The European Parliament elections start today and finish at the weekend (May 23-26). The Europe Elects site provides updated information about the opinion polls and seat projections, although given the disastrous showing of the polls in last Saturday’s Australian federal election, one should not take the polling results too seriously. But it is clear that there is an upsurge in the so-called populist parties of the Right at the expense of the traditional core political movements (centre-right and centre-left). It is also easy to dismiss this as a revival of ‘nationalism’ based around concepts of ethnicity and exclusivity and dismiss the legitimacy of these movements along those lines. However, that strategy is failing because the ‘populist’ parties have become more sophisticated and extended their remit to appeal more broadly and make it difficult to relate them to fascist ideologies. The fact that the progressive (particularly Europhile variety) continue to invoke the pejorative ‘nationalist’ whenever anyone begs to differ on Europe and question why they would support a cabal which has embedded neoliberalism and corporatism in its very legal existence (the Treaties) is testament to why the traditional Left parties are showing up so badly in the polls these days. The British Labour Party, for example, should be light years ahead of the Tories, given how appalling the latter have become. But they are not a certainty if a general election was called and the reason is they have not understood the anxieties of the British people and too many of their politicians are happy to dismiss dissent as being motivated by racism. The Brexit outcome so far is a good case study in that folly.
I appeared on the ABC radio program – The Economists – today (April 25, 2019). The topic of today’s shows is – Debt, deficits and good housekeeping: what’s the fuss about?. The presenters talked among themselves for about 10 minutes and then brought me on for an additional 20 minutes to provide more commentary and detail. Australian listeners can listen to the repeat program on Radio National at 13:30 on Friday. Overleaf I provide details of how anyone can access the program audio. Given the topic, it starts off with a great 8-second snippet from AC-DC (a great band).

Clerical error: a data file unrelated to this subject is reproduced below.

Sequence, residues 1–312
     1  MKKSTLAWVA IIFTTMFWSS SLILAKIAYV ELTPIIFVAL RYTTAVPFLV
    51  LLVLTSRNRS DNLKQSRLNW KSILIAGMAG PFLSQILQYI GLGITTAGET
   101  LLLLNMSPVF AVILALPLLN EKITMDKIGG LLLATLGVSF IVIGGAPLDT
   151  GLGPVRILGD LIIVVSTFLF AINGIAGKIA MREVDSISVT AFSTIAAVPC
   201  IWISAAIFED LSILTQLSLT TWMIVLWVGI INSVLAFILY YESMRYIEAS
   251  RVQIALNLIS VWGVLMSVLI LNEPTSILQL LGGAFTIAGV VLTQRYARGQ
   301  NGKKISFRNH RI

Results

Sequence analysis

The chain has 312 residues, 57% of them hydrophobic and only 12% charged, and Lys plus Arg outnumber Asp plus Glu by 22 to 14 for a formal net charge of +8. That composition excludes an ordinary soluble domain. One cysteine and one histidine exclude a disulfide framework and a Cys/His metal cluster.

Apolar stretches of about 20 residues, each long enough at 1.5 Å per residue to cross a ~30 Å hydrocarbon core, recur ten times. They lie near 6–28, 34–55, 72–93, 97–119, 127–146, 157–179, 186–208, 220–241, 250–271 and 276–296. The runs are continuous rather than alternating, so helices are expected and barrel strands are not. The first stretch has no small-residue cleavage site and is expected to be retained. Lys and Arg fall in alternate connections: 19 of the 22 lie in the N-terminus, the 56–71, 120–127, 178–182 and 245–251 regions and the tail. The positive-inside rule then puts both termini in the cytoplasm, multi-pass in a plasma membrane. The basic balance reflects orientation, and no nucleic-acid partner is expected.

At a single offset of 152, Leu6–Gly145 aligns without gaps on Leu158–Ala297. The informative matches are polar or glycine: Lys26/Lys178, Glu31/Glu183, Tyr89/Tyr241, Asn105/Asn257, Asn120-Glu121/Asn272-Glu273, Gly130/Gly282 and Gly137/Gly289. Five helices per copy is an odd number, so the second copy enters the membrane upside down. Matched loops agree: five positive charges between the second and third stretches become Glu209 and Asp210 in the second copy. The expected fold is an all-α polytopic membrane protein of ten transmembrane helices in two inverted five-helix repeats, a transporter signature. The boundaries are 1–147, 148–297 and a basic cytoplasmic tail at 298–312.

In a few weeks I am off to Britain again to participate in a series of events. Two of these events will be in Scotland where we (Warren and I) will discuss, as outsiders, issues pertaining to the monetary arrangements that might accompany a move to Scottish independence. It is a controversial issue in itself, but, unfortunately, is also intertwined with the vexed issue of EU membership. And the complication then becomes that progressives, who might otherwise be attracted to the Modern Monetary Theory (MMT) way of understanding the monetary system, also exhibit the standard misconstrued Europhile view that the EU, neoliberal though it is, can be reformed and that an independent Scotland should be part of that mess. And, in doing so, they then take problematic positions on the currency question. So a sort of ‘nest of vipers’ sort of situation, from the Aesop’s fable – The Farmer and the Viper. As in the Fable, the Europhiles embrace of the EU will always pay them back in grief. Anyway, while I am always cautious discussing the pro and con of situations where I have no direct material stake and a less than full understanding of specific cultural and historical influences that are at work, the Scottish question is interesting and demonstrates many of points that nations should be cogniscant of when discussing monetary sovereignty. And besides I have to get up in Edinburgh and Glasgow in a few weeks so as a researcher I am trained to be prepared and seek the best understanding that I can of the complexity of the situation. I will be writing a few posts on the Scottish issue as I prepare for that speaking tour.